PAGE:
FTSE 100 hits highest level in more than four years after more retail cheer


he FTSE 100 has hit its highest level in more than four years as unexpected good news across the retail sector continues to give the UK’s leading index a new year boost.

The index hit a high of 7,772.37 points during the day on Wednesday, the highest level since August 2018.

It was just more than a dozen points shy of the 7,790.17 points recorded on August 10 2018, and has soared to levels not too far off its all-time highs.

Several retail giants have so-far given positive trading updates from over the Christmas period, suggesting that consumers had more spending power and appetite for shopping than many analysts and experts had previously predicted.

On Wednesday, sportswear group JD Sports upgraded its full-year profit guidance after cheering an “impressive” sales performance over the festive period.

Its appeal to younger consumers with fewer financial burdens sheltered the company from wider cost-of-living impacts, it said.

For all the doom and gloom leading up to Christmas and the end of the year period, it would appear that while consumers are becoming choosier about where they spend their money, they are still spending it

Shares in the retail giant jumped by nearly 7%, more than offsetting significant insurance losses on the FTSE 100.

The FTSE 100 closed 0.4% higher, or 30.49 points, at 7,724.98, reversing the short-lived declines recorded on Tuesday, and the highest close since August 2018.

Michael Hewson, chief market analyst at CMC Markets UK, said: “For all the doom and gloom leading up to Christmas and the end of the year period, it would appear that while consumers are becoming choosier about where they spend their money, they are still spending it.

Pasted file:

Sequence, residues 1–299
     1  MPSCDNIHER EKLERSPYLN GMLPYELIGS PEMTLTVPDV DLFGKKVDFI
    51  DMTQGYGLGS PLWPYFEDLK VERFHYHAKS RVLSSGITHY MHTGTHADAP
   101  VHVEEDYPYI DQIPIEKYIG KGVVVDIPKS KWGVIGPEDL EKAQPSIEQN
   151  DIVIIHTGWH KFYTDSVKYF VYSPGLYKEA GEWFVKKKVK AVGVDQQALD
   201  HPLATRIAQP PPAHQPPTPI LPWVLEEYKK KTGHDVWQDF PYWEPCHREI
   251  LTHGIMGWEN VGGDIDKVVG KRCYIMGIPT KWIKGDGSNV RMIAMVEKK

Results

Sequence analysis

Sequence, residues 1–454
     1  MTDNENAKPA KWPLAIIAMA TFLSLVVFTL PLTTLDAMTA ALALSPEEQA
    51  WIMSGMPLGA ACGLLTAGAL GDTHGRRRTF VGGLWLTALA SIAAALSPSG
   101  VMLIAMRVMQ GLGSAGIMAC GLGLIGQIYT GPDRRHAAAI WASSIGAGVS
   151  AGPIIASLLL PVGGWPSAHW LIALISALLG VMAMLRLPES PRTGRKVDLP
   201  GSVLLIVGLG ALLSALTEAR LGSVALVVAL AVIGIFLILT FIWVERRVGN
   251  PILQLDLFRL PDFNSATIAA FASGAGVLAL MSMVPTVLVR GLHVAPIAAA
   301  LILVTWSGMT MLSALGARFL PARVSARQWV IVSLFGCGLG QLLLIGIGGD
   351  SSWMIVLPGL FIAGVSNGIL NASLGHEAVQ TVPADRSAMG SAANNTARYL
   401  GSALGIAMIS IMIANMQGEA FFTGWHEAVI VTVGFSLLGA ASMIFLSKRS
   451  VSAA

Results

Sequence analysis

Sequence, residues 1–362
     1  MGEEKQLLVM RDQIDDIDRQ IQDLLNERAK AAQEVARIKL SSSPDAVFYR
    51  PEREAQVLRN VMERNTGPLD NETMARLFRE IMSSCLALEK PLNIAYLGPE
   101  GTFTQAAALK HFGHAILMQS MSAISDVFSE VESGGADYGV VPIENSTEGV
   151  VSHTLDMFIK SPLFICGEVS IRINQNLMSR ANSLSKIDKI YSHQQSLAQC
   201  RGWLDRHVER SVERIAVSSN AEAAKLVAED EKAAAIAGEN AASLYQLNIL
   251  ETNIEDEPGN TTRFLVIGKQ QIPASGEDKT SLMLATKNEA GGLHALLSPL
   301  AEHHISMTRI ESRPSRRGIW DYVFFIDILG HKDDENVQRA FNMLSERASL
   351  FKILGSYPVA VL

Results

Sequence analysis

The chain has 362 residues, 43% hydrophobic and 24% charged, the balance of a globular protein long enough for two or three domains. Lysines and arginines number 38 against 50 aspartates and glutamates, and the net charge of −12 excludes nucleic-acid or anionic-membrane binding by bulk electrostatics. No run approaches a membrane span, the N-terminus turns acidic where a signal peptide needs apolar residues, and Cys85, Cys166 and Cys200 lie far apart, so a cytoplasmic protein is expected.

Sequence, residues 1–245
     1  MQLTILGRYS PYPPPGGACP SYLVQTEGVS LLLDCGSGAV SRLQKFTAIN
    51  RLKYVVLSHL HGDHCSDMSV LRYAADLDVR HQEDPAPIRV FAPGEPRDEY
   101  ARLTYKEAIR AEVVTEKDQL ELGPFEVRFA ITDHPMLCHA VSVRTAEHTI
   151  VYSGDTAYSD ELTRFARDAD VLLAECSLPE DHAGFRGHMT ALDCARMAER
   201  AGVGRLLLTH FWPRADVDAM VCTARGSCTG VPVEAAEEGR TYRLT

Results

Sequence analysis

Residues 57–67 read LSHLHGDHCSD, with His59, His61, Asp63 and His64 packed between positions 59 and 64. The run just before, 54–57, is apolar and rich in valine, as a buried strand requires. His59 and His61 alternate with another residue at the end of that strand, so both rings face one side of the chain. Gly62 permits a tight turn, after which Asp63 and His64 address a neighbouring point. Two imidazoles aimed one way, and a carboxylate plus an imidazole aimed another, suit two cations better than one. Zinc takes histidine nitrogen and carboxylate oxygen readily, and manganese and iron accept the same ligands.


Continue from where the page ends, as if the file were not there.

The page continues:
“Milder weather in January also appears to be helping sentiment, fuelling optimism that the start of 2023 might offer some respite from further increases in energy prices.

“Last week, Next surprised the markets with a positive pre-Christmas trading update. Today JD Sports has carried on that positive vibe with a similarly robust trading statement.”

Germany’s top index, the Dax, has also been on a winning streak so far this year. It closed up a significant 1.17% on Wednesday. While the French Cac enjoyed a 0.8% lift.

US stocks started the day on a positive footing, with the S&P 500 up 0.56% and Dow Jones 0.24% higher when European markets closed.

The pound was relatively flat against the US dollar, trading around 0.1% lower at 1.2134, and was down 0.25% against the euro to 1.1285.

In company news, there was more good news in the retail sector with Sainsbury’s hailing a “record” Christmas sales period, despite the pressure on shoppers from the rising cost of living.

The UK’s second largest supermarket chain said that its profits were on track to meet the upper end of market expectations following the increased volume of sales.

Nevertheless, its shares were down 1.6% at close.

There was a gloomier update from Direct Line Insurance, which revealed it had scrapped its shareholder dividend after last month’s freezing weather had led to an increase in motor cover claims.

Its share price plummeted by 23.5%, and it prompted a sell-off of other big insurers such as Admiral Group and Legal & General, which also saw their share prices fall on Wednesday.

Meanwhile, the boss of housebuilder Barratt Developments noted a “marked slowdown” in the UK housing market over the past six months, leading it to cut back significantly on purchasing new land and pausing recruitment of new employees.

Investors were relatively unfazed by the warning and its share price dipped by just 0.17%.

The biggest risers on the FTSE 100 were JD Sports, up 9.85p to 150.75p, Frasers Group, up 29p to 751p, St James’s Place, up 45.5p to 1,195p, Segro, up 27.2p to 818.2p, and Unite Group, up 29p to 955.5p.

The biggest fallers on the FTSE 100 were Admiral Group, down 155p to 2,117p, M&G, down 5.75p to 190.8p, Legal & General Group, down 6.1p to 252.2p, Aviva, down 9.7p to 448.7p, and Smith & Nephew, down 21.5p to 1,161p.

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